In his recent book, You Are What You Love: The Spiritual Power of Habit, James K.A. Smith argues that we think of our daily routines as “’things we do’ and might not recognize that they’re doing something to us” (pg. 128). Several weeks ago I read an interview that Justin Taylor did with Smith on the release of his book. The interview challenged me to think about the rhythms of our home and how they are instructing our children (and us parents). Therefore, I was anxious to read this section of Smith’s book.
The focus of the book is that discipleship is more than mere knowledge transfer. What Smith is getting at in this section is that we could teach our children biblical truth verbally and then teach them a competing message(s) with the household rhythms (habits/routines). Smith wrote:
It means we should be concerned about the ethos of our households—the unspoken ‘vibe’ carried in our daily rituals. Every household has a ‘hum,’ and that hum has a tune that is attuned to some end, some telos. We need to tune our homes, and thus our hearts, to sing his grace. That tuning requires intentionality with regard to the hum, the constant background noise generated by our routines and rhythms. (pg. 127, emphasis mine)
You could have Bible ‘inputs’ every day and yet still have a household whose frantic rhythms are humming along with the consumerist myth of production and consumption. You might have Bible verses on the wall in every room of the house and yet the unspoken rituals reinforce self-centeredness rather than sacrifice. (pg. 127)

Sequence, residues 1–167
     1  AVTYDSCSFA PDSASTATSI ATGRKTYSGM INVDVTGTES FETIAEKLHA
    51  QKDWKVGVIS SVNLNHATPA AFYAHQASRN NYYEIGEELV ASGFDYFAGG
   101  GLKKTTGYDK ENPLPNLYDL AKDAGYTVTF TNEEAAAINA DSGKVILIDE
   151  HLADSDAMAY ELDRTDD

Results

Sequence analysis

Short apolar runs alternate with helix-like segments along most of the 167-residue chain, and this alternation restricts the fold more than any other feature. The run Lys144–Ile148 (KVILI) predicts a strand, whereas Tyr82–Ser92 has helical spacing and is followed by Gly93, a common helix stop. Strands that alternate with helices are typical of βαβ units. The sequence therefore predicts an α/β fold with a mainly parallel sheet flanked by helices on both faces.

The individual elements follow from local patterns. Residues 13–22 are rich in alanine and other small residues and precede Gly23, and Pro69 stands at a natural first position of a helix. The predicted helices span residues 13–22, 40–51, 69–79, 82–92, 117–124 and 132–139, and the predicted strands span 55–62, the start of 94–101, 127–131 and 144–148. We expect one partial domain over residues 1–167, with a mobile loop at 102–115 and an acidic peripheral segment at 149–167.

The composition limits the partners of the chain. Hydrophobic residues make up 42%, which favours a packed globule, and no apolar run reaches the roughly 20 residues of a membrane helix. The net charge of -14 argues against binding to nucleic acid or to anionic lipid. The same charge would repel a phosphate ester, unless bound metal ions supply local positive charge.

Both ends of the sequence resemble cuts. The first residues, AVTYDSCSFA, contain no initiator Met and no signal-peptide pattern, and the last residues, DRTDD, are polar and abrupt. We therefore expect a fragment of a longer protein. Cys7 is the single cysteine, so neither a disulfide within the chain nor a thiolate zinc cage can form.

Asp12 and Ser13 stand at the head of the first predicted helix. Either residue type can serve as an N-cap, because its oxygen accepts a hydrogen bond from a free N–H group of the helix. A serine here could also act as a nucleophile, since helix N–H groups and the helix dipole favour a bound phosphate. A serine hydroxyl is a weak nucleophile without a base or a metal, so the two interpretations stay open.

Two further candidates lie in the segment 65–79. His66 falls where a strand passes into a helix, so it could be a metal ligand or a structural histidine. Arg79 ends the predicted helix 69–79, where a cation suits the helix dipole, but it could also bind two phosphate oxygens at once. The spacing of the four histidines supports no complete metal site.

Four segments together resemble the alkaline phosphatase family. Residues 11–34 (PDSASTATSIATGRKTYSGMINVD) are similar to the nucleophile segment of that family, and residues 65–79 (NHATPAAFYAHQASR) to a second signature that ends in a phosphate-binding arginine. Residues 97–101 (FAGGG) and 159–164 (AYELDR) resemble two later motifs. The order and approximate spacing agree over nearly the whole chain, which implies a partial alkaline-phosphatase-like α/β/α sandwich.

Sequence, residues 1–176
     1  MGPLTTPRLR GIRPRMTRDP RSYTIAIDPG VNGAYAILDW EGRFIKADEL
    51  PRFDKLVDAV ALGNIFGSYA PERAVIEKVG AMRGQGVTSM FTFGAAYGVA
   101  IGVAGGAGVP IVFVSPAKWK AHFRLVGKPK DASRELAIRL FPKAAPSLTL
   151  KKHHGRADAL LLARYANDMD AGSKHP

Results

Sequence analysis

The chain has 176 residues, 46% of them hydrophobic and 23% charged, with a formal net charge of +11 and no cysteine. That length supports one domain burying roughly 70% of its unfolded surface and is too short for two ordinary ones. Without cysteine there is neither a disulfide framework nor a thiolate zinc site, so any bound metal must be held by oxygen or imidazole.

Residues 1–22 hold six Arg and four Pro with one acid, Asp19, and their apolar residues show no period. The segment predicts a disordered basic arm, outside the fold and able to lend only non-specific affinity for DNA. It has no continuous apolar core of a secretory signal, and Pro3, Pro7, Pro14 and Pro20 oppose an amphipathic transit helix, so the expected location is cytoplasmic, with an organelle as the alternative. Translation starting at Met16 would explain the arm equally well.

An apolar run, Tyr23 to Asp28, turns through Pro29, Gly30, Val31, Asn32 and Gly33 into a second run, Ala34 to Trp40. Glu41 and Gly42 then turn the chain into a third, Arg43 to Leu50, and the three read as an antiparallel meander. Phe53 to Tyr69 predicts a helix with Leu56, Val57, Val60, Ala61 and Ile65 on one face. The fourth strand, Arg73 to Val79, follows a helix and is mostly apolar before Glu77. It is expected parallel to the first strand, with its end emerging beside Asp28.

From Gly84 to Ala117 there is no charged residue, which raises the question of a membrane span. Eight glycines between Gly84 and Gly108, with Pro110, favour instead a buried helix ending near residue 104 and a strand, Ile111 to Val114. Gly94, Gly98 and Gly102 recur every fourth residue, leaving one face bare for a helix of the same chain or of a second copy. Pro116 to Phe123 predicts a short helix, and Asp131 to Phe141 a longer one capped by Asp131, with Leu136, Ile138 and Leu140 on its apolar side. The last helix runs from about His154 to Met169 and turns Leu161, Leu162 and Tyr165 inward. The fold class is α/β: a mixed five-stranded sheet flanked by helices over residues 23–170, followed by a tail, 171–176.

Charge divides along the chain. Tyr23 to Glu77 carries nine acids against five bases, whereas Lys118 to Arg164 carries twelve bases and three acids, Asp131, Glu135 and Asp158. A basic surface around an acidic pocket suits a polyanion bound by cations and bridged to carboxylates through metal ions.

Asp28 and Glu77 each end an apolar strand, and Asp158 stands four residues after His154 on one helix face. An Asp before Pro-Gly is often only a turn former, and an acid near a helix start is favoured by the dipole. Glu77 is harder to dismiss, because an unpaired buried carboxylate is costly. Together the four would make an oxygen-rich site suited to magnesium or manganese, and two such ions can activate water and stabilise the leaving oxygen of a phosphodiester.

He makes clear that this is important not just for families with young kids, but also households with older kids to empty-nesters to a household of college singles. In other words, all households should consider their rhythms. Smith suggests that each household take an “audit.”
Thus each household and family does well to take an audit of its daily routines, looking at them through a liturgical lens. What Story is carried in those rhythms? What vision of the good life is carried in those practices? What sorts of people are made by immersion in these cultural liturgies? (pg. 128)
When he says “Story” and “good life” he is referring to what vision of aspiration (telos) our daily routines are casting. Our rhythms and routines are telling the story of what we consider to be the good life. Is the hum of our household saying comfort is the goal? Is the goal; “more, give me more”? Is the goal, “make something of yourself (or make a name for yourself)”? Is the goal; “us four, no more”? Is the goal; “be happy and self-fulfilled”? Indeed, the background hum is often in competition with what we proclaim. We need rhythms that complement and match our proclamation.
Smith is clear that these rhythms will not look the same for everyone. Household routines could vary depending on context and household make-up (young kids, empty-nesters, etc.). However, he did express the necessity of each household being a part of the local church. Then each household must exercise intentionality in auditing and adjusting their rhythms so that they will be more in step with the Gospel vision of loving God and loving others. The Gospel vision of humility, service, sacrifice…of taking up your cross and following Jesus. We love because He first loved us (1 Jn. 4:9-10, 19).